What are the hard and fast rules to know when watching Formula E?

You can’t move the goalposts in motorsport, so what are the hard and fast rules to know when watching Formula E. Below is a brief overview of the rules and regulations — we won’t get too technical though. For a detailed look at the rules and regulations, you can visit the FIA website

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From For­mu­la e web­site

Championship and standings 

The FIA For­mu­la E Cham­pi­onship con­sists of two sep­a­rate titles — one ded­i­cat­ed to the dri­vers and anoth­er ded­i­cat­ed to the teams. The dri­vers’ cham­pi­onship is decid­ed by their end of sea­son total, made of his or her best results over the entire cam­paign. Where­as the teams’ cham­pi­onship is made up by cal­cu­lat­ing both driver’s scores through­out the sea­son.

Points system

For­mu­la E fol­lows a stan­dard points sys­tem, used in oth­er FIA-sanc­tioned series — award­ing points to the top-10 fin­ish­ers.

1st — 25pts

2nd — 18pts

3rd — 15pts

4th — 12pts

5th — 10pts

6th — 8pts

7th — 6pts

8th — 4pts

9th — 2pts

10th — 1pt

Addi­tion­al points are also award­ed for secur­ing Julius Baer Pole Posi­tion and clinch­ing the Visa Fastest Lap – more details on both of these below.

The dri­ver start­ing at the front (Julius Baer Pole Posi­tion) picks-up an extra three points, while the dri­ver set­ting the pace dur­ing the race (Visa Fastest Lap) receives an addi­tion­al point. How­ev­er, as a new rule intro­duced for Sea­son Four, the dri­ver must fin­ish in the top-10 places to gain an extra point. If not, then the dri­ver in the top-10 with the fastest lap takes the hon­our.

Julius Baer pole posi­tion — 3 points

Visa fastest lap — 1 point (if in a top-10 fin­ish­ing posi­tion)

Standings after Hong Konk 2017 1st Race
Stand­ings after Hong Konk 2017 1st Race

Race day format 

Shake­down — at most events a shake­down ses­sion is held on Fri­day — the day before the main event — but this is depen­dent on the track (in our case, city streets) being avail­able. Dri­vers use this ses­sion to check the elec­tron­ic sys­tems and the reli­a­bil­i­ty of the car, but not over­all per­for­mance as the cars run at a reduced speed. At this time, the track lay­out, kerbs and fea­tures can be checked by the FIA (the world gov­ern­ing body of motor­sport), tak­ing into account feed­back from the com­peti­tors pro­vid­ed in the dri­ver brief­ing.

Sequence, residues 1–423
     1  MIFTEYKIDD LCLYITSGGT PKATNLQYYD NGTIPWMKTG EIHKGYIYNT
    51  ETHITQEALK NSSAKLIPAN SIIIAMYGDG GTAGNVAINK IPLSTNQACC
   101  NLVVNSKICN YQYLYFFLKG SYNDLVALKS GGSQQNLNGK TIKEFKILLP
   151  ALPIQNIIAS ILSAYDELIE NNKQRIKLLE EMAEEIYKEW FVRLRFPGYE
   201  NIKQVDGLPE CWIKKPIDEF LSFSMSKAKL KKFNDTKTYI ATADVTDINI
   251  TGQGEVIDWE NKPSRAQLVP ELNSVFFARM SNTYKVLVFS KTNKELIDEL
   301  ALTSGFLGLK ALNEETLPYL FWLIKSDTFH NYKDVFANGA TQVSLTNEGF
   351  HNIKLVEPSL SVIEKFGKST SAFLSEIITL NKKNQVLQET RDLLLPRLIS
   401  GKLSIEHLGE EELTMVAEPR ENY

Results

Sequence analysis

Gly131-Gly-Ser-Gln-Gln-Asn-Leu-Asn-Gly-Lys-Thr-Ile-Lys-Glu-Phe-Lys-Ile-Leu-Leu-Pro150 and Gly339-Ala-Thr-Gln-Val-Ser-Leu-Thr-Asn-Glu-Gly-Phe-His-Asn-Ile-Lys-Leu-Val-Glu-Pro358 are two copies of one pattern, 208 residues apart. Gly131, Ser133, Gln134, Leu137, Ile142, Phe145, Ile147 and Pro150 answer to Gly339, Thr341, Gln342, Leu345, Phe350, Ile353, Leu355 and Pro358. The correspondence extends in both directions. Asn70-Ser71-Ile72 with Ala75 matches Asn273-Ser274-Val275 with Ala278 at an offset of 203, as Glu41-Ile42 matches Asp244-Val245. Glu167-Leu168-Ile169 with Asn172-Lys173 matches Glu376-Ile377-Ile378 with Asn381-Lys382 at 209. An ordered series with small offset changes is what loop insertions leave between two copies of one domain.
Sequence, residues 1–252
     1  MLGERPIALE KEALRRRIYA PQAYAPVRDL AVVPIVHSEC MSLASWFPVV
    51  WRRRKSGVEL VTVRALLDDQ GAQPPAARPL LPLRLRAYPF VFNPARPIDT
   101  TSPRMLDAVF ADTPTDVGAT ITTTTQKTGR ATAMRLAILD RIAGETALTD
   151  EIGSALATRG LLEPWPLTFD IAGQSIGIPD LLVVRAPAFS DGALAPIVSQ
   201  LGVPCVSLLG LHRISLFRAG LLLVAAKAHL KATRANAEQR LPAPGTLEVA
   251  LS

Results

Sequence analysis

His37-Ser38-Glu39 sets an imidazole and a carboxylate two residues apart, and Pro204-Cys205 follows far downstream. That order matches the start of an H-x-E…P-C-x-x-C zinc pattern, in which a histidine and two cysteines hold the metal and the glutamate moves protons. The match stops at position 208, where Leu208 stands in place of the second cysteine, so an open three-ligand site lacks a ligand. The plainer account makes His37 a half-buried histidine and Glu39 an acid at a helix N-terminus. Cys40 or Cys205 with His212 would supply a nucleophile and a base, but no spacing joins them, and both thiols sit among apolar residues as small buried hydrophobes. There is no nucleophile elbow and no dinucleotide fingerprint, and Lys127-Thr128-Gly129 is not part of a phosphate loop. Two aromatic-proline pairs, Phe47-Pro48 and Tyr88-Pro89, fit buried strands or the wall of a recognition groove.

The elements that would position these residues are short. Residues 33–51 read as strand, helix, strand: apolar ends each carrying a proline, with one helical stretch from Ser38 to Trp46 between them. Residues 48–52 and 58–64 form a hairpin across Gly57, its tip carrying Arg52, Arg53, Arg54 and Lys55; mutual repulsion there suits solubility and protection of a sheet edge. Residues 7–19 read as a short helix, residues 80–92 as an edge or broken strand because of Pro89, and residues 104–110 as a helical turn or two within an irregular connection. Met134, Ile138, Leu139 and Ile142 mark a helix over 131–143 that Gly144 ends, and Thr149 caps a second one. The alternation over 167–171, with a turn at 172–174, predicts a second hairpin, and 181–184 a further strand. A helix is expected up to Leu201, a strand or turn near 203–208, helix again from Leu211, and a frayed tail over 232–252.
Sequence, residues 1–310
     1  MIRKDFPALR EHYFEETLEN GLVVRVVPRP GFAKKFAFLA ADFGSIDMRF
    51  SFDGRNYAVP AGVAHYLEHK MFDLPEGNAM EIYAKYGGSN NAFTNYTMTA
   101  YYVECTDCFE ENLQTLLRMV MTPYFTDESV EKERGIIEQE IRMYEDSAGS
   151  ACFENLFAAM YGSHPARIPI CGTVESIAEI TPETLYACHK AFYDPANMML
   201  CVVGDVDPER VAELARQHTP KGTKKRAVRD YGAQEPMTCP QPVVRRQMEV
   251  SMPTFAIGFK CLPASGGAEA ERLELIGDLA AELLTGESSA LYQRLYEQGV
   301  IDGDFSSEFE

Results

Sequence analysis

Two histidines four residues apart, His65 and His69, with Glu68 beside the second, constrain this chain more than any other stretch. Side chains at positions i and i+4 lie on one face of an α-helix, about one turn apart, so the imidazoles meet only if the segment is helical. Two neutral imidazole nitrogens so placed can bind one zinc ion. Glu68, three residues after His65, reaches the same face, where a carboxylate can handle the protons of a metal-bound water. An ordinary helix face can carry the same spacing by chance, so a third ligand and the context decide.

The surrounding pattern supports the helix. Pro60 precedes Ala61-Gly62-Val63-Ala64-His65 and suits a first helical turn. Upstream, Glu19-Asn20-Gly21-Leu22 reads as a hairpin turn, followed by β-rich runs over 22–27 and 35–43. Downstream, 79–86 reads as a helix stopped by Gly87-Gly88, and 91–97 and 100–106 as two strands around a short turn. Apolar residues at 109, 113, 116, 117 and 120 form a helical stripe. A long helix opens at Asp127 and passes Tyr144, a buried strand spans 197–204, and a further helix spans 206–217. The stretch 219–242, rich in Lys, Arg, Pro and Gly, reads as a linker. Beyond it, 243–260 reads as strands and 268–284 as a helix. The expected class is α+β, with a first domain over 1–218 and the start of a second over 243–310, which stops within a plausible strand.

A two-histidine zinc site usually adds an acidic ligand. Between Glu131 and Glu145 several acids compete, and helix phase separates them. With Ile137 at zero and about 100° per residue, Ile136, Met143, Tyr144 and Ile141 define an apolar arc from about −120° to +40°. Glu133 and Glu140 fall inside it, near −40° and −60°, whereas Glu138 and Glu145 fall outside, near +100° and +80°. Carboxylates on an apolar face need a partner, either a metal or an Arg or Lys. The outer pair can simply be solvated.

Pow­er — the pow­er is lim­it­ed to 110kW. 

Prac­tice — each event has two prac­tice ses­sions — an open­ing 45-minute ses­sion fol­lowed by a fur­ther 30-minute ses­sion. This is reduced to only one 45-minute ses­sion on the sec­ond day of a dou­ble-head­er. Here the teams and dri­vers take to the track for the first time in earnest – allow­ing them to get a feel for the track and adapt to the car set-up. 

Pow­er — 200kW is avail­able through­out.

Qual­i­fy­ing and super pole shoot-out — qual­i­fy­ing deter­mines the start­ing grid for the race, with the fastest dri­ver lin­ing-up in first place. The ses­sion lasts one hour and sees dri­vers divid­ed into groups, decid­ed by a lot­tery con­duct­ed in the dri­ver brief­ing. Each dri­ver has six min­utes to set their best time, with the top-five dri­vers pro­ceed­ing to the Super Pole shoot-out in a bid to secure Julius Baer Pole Posi­tion and an addi­tion­al three points. Dur­ing the Super Pole shoot-out, the dri­vers go out one-by-one, with the fifth fastest dri­ver from the group stages going out first. When he or she cross­es the line to start their fly­ing lap, the pit­lane light turns green and the fourth fastest dri­ver heads out. This is repeat­ed until all five dri­vers have com­plet­ed a lap.

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Pow­er — 200kW is avail­able through­out.

E-Prix — races, or E-Prix, begin with a stand­ing start, mean­ing the cars are sta­tion­ary until the lights go green. The dri­vers line-up on a dum­my grid — a short dis­tance behind the actu­al grid — and slow­ly file into posi­tion to start the race. The E-Prix lasts for approx­i­mate­ly 50-min­utes with each dri­ver mak­ing one manda­to­ry stop to change cars. In race mode, the max­i­mum pow­er avail­able is lim­it­ed to 180kW — 10kW more than Sea­son Three. The three dri­vers who receive the high­ly-acclaimed FANBOOST – as vot­ed for by the fans — each have an extra 100kJ at their dis­pos­al. 

Pow­er — lim­it­ed to 180kW, with addi­tion­al ener­gy for the win­ners of the FANBOOST vote.